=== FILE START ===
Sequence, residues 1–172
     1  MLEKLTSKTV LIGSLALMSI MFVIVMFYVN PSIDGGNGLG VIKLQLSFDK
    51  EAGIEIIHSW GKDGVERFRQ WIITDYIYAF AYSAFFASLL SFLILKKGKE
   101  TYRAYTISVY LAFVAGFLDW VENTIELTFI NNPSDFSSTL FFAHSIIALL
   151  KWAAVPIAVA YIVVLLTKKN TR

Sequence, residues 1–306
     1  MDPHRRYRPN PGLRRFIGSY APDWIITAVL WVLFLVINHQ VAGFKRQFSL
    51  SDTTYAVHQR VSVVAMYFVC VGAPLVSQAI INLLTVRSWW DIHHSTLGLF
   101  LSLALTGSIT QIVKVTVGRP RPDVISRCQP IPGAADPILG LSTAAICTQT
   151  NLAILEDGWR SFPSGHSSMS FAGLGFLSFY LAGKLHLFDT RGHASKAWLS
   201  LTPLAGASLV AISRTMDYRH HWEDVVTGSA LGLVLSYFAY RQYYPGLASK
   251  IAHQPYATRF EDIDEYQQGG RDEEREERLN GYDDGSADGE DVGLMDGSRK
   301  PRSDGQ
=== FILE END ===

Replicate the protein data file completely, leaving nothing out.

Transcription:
Sequence, residues 1–172
     1  MLEKLTSKTV LIGSLALMSI MFVIVMFYVN PSIDGGNGLG VIKLQLSFDK
    51  EAGIEIIHSW GKDGVERFRQ WIITDYIYAF AYSAFFASLL SFLILKKGKE
   101  TYRAYTISVY LAFVAGFLDW VENTIELTFI NNPSDFSSTL FFAHSIIALL
   151  KWAAVPIAVA YIVVLLTKKN TR

Sequence, residues 1–306
     1  MDPHRRYRPN PGLRRFIGSY APDWIITAVL WVLFLVINHQ VAGFKRQFSL
    51  SDTTYAVHQR VSVVAMYFVC VGAPLVSQAI INLLTVRSWW DIHHSTLGLF
   101  LSLALTGSIT QIVKVTVGRP RPDVISRCQP IPGAADPILG LSTAAICTQT
   151  NLAILEDGWR SFPSGHSSMS FAGLGFLSFY LAGKLHLFDT RGHASKAWLS
   201  LTPLAGASLV AISRTMDYRH HWEDVVTGSA LGLVLSYFAY RQYYPGLASK
   251  IAHQPYATRF EDIDEYQQGG RDEEREERLN GYDDGSADGE DVGLMDGSRK
   301  PRSDGQ